John D Grainger

Two Roman Revolutions

The disastrous reign of the Emperor Commodus, which saw a great expansion of the power of the emperor, eventually resulted in his asassination, but also in a civil war, which was as revolutionary as that of 69. Though the original assassination had been in the name of a restoration of the authority of the Senate — the program of Pertinax and his supporters — the victory of Septimius Severus established a murderous autocracy, which degenerated into incompetence under his successors. It also set up a continuous tension within the government between imperial and senatorial powers and authority.
The weakness of the imperial power after Caracalla was emphasised by the assassination of all emperors between 217 and 238; it also produced an increase in warfare on all frontiers from Syria to Britannia. In the later years of Alexander Severus the Senate began to recover its authority, thanks to the emperor's long absences from Rome in the east and in Germany. His frontier policy displeased the army, however, and his assassination produced the Emperor Maximinus. The recovery of the Senate was immediately stopped in its tracks and Maximinus disdained all authority apart from his own.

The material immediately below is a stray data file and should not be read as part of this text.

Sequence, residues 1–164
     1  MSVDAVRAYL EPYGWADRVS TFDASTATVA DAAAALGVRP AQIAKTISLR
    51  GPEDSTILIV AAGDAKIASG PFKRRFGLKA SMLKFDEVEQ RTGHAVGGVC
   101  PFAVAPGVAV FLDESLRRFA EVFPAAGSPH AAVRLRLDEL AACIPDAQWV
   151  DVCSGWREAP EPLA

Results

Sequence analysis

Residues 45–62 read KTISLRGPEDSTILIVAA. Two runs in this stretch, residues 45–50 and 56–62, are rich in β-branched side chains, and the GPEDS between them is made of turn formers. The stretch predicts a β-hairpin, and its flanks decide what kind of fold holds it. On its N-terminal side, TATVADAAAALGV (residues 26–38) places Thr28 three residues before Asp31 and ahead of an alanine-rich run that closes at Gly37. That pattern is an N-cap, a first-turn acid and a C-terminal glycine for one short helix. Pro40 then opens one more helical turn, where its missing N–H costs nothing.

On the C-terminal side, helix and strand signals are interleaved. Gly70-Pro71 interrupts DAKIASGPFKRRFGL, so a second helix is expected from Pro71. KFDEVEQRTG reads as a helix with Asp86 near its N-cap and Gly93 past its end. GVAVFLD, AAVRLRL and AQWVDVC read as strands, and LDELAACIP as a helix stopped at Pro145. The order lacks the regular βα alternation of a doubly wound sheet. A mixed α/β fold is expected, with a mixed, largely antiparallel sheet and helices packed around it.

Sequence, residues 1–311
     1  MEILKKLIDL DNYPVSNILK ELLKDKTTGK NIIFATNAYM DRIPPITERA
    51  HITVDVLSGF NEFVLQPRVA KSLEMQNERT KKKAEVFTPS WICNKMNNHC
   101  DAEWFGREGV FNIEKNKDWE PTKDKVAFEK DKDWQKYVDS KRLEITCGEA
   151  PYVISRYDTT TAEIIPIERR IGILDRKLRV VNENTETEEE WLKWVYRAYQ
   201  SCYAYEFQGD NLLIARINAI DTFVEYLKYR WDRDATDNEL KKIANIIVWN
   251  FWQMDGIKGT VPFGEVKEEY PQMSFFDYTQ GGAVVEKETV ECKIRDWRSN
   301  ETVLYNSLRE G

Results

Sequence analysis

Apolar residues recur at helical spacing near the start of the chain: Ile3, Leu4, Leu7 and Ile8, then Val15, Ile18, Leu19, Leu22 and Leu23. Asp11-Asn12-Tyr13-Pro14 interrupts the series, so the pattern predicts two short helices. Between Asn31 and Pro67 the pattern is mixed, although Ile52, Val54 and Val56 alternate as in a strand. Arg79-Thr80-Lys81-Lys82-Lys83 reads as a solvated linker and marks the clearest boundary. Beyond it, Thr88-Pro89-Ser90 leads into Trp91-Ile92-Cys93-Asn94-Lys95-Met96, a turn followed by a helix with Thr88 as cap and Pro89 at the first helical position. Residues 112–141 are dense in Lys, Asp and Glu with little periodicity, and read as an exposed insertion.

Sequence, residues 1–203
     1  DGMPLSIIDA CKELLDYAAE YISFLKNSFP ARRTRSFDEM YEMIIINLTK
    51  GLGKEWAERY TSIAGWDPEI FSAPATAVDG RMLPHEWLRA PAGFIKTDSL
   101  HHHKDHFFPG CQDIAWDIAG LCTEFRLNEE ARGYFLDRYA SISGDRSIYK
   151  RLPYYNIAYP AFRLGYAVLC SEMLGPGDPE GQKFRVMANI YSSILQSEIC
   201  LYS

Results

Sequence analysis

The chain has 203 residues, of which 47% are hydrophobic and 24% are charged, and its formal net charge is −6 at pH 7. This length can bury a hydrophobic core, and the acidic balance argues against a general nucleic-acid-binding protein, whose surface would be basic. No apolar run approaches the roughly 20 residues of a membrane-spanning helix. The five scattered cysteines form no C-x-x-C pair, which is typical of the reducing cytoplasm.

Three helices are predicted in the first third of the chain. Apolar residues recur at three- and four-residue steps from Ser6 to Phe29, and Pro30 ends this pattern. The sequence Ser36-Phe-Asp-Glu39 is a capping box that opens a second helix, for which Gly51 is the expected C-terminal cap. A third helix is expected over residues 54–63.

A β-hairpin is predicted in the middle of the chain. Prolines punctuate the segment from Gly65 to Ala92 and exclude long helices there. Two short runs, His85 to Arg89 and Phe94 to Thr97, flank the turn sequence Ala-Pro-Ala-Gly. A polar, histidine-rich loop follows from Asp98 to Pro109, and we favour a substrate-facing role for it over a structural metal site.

This was a classic prerevolutionary situation, and the reaction amongst the senators was the revolution of 238, sparked by trouble in Africa under the Gordians, but also producing another civil war and the deaths of several emperors. The authority of the Senate was enhanced by the senatorial victory but in in the end the Senate proved unable to defend the empire, and the contest between imperial and senatorial power continued until the 260s when in effect Gallienus returned to imperial autocracy.
This marked the end of real senatorial power, and the empire as an autocracy was finally established.
403 printed pages
Original publication
Publication year
Have you already read it? How did you like it?

On the bookshelves

Drag & drop your files (not more than 5 at once)